The marketing age had a great run, from the birth of mass media up until the point it went social. Then customers began to respond online– in Amazon reviews, Yelp scores, and Facebook posts– and the consumer experience age was born. Today snarky comments are the least of online marketers’ concerns, as we enter exactly what the Altimeter Team calls “the collective era.”
“As consumers work together (or in some instances even conspire) to work around further consumption by sharing their goods and services, brand names are fearful they may have no place in the future,” composes Francine Hardaway in Fast Company. In its heading, the post asks, “Will the Sharing Economy Destroy Brands?”
At a time when consumers are purchasing less and sharing more, the answer is a definite “it depends.”
According to Jeremiah Owyang (@ jowyang), a partner at the Altimeter Group, success in the collaborative economy hinges on whether companies turn together with a value chain that is being permanently redefined with the consumer in the middle. All companies– not just those in the travel, media, and hospitality industries– must beginning checking out the B2B and B2C sharing opportunities that new technologies enable.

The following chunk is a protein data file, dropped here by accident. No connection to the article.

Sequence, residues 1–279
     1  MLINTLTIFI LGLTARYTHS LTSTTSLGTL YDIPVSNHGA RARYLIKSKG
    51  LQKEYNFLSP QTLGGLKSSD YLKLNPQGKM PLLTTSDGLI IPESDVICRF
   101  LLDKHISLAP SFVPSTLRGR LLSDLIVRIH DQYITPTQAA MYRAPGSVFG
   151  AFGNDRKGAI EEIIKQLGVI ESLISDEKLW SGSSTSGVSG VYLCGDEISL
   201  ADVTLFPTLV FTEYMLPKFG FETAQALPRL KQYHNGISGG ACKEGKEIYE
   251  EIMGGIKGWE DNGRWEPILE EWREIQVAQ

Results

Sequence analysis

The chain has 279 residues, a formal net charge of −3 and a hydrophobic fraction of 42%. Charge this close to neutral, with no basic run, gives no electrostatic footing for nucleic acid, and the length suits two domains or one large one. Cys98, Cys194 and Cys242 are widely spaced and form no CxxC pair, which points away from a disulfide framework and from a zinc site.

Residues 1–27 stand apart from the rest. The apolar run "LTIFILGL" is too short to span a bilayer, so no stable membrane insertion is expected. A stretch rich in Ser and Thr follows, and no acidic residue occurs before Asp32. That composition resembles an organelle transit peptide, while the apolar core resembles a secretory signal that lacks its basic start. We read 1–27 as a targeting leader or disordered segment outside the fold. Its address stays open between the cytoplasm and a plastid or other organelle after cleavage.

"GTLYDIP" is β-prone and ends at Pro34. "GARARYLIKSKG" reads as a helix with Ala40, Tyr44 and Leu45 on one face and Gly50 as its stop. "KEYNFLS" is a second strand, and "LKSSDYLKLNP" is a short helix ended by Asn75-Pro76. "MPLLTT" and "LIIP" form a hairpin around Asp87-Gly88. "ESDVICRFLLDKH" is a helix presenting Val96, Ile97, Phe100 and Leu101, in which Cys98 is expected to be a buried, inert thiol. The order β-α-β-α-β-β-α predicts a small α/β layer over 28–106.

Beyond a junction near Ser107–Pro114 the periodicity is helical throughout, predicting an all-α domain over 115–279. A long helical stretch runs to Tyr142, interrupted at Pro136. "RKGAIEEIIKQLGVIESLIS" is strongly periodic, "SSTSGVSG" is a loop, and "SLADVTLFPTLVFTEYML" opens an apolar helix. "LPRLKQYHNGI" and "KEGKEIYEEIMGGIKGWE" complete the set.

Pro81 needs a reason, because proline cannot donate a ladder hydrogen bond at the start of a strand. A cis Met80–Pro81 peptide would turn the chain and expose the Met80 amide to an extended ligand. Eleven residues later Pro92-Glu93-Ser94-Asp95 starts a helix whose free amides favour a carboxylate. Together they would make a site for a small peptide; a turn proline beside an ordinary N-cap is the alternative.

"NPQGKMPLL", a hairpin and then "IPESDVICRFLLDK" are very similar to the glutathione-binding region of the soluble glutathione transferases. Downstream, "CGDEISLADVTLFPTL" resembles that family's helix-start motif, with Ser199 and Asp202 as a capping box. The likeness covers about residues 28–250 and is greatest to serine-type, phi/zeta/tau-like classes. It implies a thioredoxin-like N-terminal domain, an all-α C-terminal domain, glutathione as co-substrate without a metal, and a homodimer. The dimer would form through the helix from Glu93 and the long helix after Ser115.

Owyang provides various methods for welcoming the collective economy, consisting of:
1. Change your organisation into a service.
Customers no longer wish to purchase one item one time; they desire to utilize your service when it matches them. Think Zipcar. An additional organisation successfully discovering this model is BMW with its on-demand service, which according to Owyang intends “to ‘sell’ one single automobile dozens of times in a day, creating new value for the client and new incomes for BMW.” As he notes on his blog at web-strategist. com, “For some luxury brands and high-consideration goods, providing subscription models gives access to a more youthful or arising market base that can’t manage your products at complete value. This develops a brand-new relationship with this emerging market, loyalty, and is an entry point as they expand in their consumption requires.”
2. Motivate a marketplace.
When Patagonia saw its customers flooding eBay with lightly made use of windbreakers and fleece vests, the business leaned into the trend, partnering with auction website eBay to develop a Patagonia Common Threads stations where consumers can easily purchase and sell gently made use of clothes and gear. “At a macro point of view,” Owyang composes, “decreasing excess products being sold that are utilized effectively isn’t really simply wise for planet Earth, but also the indication of an accountable customer and corporation.”
3. Provide a platform.
Etsy and eBay have actually done this, seemingly, considering that the beginning– and they have actually done it well. There is value in motivating clients to get in touch with one an additional. “Many brands have a long way to go to interrupt their existing models prior to clients do it for them,” writes Hardaway (@ hardaway) in Fast Company. “They must establish a brand-new value chain where they put proponents front and center, and allow marketing people to fade into the background.”
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